This is not a technical problem. It is a design decision. The decision might not be made by anyone with designer in their job title, but make no mistake, business decisions have a direct effect on user experience.
On the face of it, the problem seems to be with the business model of advertising. But that’s not quite right. To be more precise, the problem is with the business model of behavioural advertising. That relies on intermediaries to amass huge amounts of personal data so that they can supposedly serve up relevant advertising.
But contextual advertising, which serves up ads based on the content you’re looking at doesn’t require the invasive collection of personal data. And it works. Behavioural advertising, despite being a huge industry that depends on people giving up their privacy, doesn’t even work very well. And on the few occasions when it does work, it just feels creepy.
The problem is not advertising. The problem is tracking. The greatest trick the middlemen ever pulled was convincing us that you can’t have effective advertising without tracking. That is false. But they’ve managed to skew our sense of perspective so that invasive advertising seems inevitable.
Advertising was always possible on the web. You could publish anything and an ad is just one more thing you could choose to publish. But tracking was impossible. That’s because the early web was stateless. A browser requests a resource from a server and once that transaction is done, they both promptly forget about it. That made it very hard to do things like online shopping or logging into an account.
Perhaps none of this applies to you anyway. You may be thinking that this is a problem for websites. But you build web apps.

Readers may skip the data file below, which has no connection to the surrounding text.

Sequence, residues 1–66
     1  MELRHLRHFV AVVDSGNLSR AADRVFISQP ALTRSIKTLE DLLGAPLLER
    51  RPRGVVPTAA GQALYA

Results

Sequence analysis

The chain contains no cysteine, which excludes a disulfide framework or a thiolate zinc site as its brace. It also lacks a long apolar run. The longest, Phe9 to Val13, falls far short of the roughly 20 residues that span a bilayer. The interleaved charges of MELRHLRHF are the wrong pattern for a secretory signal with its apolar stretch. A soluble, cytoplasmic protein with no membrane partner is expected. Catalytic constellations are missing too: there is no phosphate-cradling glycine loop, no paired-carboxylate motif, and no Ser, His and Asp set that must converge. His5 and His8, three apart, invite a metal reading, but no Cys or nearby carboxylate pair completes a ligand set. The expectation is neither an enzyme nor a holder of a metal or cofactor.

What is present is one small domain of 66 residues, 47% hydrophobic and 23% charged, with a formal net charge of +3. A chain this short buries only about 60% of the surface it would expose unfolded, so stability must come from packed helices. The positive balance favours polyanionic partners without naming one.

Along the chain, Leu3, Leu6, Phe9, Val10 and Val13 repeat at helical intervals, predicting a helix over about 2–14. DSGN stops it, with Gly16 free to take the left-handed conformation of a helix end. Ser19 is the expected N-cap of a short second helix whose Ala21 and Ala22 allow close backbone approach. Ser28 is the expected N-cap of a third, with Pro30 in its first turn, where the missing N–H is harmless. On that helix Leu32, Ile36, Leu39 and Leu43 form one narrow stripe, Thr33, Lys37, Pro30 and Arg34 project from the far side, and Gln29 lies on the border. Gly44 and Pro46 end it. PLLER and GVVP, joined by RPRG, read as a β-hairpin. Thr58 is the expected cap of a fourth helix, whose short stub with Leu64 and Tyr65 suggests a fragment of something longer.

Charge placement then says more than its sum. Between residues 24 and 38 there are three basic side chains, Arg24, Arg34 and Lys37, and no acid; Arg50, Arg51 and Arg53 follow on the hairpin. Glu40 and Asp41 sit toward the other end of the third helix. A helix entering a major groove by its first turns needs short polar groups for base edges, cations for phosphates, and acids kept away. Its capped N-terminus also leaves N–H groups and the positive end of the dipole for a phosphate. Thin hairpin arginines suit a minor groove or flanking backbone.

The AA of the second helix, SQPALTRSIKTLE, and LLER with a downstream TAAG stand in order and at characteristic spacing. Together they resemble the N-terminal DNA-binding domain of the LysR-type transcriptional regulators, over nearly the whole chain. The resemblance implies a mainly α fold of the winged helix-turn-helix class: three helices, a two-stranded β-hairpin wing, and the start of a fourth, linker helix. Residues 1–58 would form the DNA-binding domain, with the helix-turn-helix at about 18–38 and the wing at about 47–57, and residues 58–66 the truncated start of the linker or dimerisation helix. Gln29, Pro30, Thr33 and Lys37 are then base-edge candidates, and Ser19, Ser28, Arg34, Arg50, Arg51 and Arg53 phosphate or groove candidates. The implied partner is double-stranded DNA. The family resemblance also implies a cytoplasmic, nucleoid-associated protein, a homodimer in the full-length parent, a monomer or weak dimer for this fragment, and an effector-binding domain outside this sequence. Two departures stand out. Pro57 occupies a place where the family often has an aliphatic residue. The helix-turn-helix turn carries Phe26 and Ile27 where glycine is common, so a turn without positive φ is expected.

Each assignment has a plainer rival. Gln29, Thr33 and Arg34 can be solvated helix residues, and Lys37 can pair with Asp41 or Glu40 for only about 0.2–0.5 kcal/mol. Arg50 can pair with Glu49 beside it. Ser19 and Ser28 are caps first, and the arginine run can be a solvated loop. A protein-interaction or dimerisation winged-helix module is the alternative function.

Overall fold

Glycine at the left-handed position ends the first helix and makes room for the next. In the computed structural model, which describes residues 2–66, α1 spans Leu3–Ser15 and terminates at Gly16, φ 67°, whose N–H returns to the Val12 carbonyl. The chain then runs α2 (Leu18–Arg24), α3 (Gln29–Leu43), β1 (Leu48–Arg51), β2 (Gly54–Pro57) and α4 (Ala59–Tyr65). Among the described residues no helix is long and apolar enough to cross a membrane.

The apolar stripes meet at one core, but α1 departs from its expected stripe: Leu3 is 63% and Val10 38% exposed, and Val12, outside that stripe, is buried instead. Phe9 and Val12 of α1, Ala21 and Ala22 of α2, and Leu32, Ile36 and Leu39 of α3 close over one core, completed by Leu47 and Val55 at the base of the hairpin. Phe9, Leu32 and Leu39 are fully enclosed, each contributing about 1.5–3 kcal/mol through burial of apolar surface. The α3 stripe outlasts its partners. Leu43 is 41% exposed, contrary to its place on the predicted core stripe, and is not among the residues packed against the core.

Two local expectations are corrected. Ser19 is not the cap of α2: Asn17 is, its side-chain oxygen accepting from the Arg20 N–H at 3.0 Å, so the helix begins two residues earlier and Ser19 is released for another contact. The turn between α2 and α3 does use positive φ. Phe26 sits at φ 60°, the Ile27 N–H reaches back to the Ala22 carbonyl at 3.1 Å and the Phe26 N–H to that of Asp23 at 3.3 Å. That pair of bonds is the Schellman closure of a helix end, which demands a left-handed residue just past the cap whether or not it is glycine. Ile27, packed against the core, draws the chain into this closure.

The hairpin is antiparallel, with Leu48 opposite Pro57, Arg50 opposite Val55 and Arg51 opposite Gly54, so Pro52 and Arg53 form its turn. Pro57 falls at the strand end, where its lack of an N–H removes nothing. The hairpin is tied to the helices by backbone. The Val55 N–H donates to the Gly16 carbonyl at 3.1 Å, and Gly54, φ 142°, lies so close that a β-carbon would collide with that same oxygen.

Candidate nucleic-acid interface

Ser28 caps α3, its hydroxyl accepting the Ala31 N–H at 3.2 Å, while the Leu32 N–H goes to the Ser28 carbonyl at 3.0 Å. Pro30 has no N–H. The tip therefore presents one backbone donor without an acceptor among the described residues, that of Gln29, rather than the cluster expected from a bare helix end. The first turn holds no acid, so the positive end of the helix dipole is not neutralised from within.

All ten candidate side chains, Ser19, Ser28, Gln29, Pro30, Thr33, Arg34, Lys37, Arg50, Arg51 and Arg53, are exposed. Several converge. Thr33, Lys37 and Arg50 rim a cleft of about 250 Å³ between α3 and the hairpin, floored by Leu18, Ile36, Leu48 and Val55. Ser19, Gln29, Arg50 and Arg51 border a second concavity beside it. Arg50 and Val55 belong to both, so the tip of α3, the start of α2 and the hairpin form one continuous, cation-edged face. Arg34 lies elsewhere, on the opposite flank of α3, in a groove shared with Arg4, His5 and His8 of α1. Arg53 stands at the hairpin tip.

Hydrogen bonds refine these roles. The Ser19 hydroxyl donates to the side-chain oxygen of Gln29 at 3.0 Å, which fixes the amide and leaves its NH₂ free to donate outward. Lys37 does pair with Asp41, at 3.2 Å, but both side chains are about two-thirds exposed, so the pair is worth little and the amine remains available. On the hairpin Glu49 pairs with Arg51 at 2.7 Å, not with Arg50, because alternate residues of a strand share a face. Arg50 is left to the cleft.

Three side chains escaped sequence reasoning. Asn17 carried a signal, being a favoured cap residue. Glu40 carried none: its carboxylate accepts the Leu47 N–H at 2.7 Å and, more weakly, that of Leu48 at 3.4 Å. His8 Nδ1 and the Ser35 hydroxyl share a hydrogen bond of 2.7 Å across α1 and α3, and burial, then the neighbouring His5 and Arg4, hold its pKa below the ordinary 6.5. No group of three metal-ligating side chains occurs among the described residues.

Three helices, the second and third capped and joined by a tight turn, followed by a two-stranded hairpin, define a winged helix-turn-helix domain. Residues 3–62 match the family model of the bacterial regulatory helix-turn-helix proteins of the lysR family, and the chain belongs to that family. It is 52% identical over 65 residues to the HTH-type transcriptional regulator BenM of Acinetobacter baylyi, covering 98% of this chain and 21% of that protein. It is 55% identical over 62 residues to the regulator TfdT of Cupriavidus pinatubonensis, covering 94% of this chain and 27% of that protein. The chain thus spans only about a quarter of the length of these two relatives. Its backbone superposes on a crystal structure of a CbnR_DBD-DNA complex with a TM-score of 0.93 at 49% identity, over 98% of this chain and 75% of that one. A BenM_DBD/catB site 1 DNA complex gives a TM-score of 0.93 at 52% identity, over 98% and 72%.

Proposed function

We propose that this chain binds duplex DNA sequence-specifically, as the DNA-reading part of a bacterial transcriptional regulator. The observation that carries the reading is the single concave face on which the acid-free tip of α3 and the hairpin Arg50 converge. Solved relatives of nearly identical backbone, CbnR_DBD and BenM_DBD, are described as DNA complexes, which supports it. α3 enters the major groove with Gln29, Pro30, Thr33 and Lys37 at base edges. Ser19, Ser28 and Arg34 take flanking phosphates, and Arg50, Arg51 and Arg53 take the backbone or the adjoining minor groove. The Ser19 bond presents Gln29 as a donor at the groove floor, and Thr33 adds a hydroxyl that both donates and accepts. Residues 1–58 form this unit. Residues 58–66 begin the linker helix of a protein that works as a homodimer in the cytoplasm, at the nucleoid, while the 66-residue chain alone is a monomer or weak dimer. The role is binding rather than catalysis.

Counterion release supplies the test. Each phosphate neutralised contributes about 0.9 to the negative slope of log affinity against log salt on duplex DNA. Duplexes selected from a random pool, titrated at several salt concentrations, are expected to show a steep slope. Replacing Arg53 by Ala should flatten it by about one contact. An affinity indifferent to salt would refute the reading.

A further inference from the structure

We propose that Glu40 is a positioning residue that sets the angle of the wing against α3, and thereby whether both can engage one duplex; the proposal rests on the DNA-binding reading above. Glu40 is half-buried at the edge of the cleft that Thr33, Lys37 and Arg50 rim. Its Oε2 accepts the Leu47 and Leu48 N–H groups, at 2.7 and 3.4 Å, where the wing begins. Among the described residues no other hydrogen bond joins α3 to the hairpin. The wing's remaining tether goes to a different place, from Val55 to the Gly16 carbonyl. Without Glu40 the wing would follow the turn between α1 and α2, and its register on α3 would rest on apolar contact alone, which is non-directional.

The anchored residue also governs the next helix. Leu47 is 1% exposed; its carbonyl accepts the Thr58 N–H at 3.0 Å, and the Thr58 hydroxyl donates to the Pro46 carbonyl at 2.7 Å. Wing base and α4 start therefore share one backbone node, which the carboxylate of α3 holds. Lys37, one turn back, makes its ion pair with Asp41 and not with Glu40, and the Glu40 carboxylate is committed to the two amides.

But the phrase “single page app” has a more definite meaning. It refers to an architectural decision. That decision is to reinvent the web browser inside a web browser.
I think there’s a certain mindset being applied to web development here. And that mindset comes from the world of software. Again, it’s a testament to how far the web has come that it can be treated as a software platform on par with operating systems like iOS, Android, or Windows. There’s a lot to be learned from the world of software development, like testing, for example. But the web is different. When a user navigates to a URL, it shouldn’t feel like they’re installing a piece of software.
We should be aiming to keep our payloads as small as possible. And given how powerful browsers have become, we need fewer and fewer dependencies—fewer and fewer polyfills.
When asked to justify the enormous payloads, web developers have responded by saying that user’s expectations have changed. That is correct, but not in the way that I think they mean.
When I talk to people about using the web—especially on mobile—their expectations are that they will have a terrible experience. That websites will be slow to load. And I guarantee you that none of them are saying, “Well I’d be annoyed if this were a website but seeing as this is a web app, I’m absolutely fine with this terrible experience.”
I said that the biggest challenges facing the World Wide Web today are not technical challenges. I think the biggest challenge facing the web today is people’s expectations.
There is no technical reason for websites or web apps to be so frustrating. But we have collectively led people to expect a bad experience on the web.
There’s a great German word, “Verschlimmbessern”: the act of making something worse in the attempt to make it better. Perhaps we verschlimmbessert the web.
Stop solving problems you don’t yet have.
Lean into what web browsers can accomplish today. If you find something missing, that’s the time to reach for a library …but treat it like a polyfill. Whereas web standards stick around, every library and framework comes with a limited lifespan. Treat them as cattle, not pets.